Factor #4 : Fraud ROI
“Fraud ROI” defines how profitable it is for a fraudster to steal your stuff. Basically, it’s how much money they end up with, divided by their expenses: money, time and effort put into stealing something and converting it into cash.
Here are 3 key questions that can help you estimate the Fraud ROI of your business:
1. How hard is it to steal from your business?
This is determined by your fraud prevention capabilities, but also by other, unrelated, factors. Some examples:
Is it easy and quick to check out on your website? Fraudsters, too, appreciate great UX because they need to be efficient.
Do you sell physical goods or electronically delivered items (tickets, software etc.)? The former are harder to steal because the fraudster needs to be able to receive the shipped goods without exposing themselves. This may require some “real world” action, as opposed to the safety and comfort of hiding behind a computer.
Do you ship internationally? Most of the fraudsters are "overseas" (i.e. not where your business is) and need to find a way to get the goods wherever they are.
2. How hard is it to convert the stolen goods into cash?
Most fraudsters are not out to get GoPro cameras. They need to sell the stolen goods for cash. As any merchant knows, this is hard: they need to find buyers and exchange goods for cash. There also needs to be a high enough street value for the goods (even if the “street” is an online marketplace).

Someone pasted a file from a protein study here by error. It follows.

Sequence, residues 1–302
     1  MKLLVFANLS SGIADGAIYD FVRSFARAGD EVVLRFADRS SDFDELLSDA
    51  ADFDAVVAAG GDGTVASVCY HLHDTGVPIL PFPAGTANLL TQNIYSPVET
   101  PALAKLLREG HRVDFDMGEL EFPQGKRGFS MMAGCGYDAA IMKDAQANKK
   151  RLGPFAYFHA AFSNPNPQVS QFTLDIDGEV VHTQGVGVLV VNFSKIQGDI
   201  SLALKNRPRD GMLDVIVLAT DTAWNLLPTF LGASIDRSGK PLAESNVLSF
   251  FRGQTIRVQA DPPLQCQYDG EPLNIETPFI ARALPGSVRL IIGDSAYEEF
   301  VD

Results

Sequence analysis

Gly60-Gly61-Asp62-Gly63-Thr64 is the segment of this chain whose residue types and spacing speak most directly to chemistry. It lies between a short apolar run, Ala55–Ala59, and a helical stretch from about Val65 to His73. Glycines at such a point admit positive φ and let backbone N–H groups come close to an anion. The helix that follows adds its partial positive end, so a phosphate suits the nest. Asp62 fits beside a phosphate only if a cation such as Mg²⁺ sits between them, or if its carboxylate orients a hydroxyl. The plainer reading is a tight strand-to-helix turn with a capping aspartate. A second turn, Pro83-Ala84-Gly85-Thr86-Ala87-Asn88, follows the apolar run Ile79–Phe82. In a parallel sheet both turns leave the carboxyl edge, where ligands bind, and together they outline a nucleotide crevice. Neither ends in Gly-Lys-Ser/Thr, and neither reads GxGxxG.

Some businesses make life much easier for fraudsters by allowing them to directly steal cash. If your business enables users to receive or withdraw money (e.g. online marketplaces, payment services, wallets etc.) it is a very lucrative target for crooks. In an online marketplace, for example, a fraudster can open a false “seller” account, get paid (by honest victims) for imaginary goods or services that are never provided, and then run away with the cash.
There are many other methods – fraudsters are very creative - but some of the most coveted schemes are the ones in which fraudsters use stolen cards in one account to pay themselves to another account, withdraw the cash, and disappear. Many merchants mistakenly call this type of fraud “collusion” and talk about “fraud rings” attacking them, but the reality is that nothing stops a single fraudster from being on both the paying-end and the receiving-end of this arrangement. In come stolen cards, out comes cash: just like an ATM.
3. How scalable is the fraud at your online business?
As I mentioned before, fraud is increasingly becoming a business run by professionals, but even part-timers who get lucky quickly develop an appetite and come back for more. While occasional fraud may be a cost of doing business, scalable fraud is very costly and can bring down a business. Here's a simplistic example: a fraudster manages to steal a laptop and you get slapped with a $1,000 chargeback - unpleasant. Same fraudster does this several times a day for an entire month, and you’ve lost your merchant account due to 100 chargebacks totaling $100,000 – catastrophe. When fraudsters find ways to scale (or even automate) their work, they significantly increase their ROI.
Enough with the scare tactics! Now what?
So far I’ve described the 4 factors that affect the fraud your business should be ready for. These factors highlight the need for a comprehensive prevention strategy, rather than reacting tactically to EMV or fraud events.
In the next post I’ll discuss what we can learn from the various factors I called out, and suggest how this should shape your fraud prevention plan.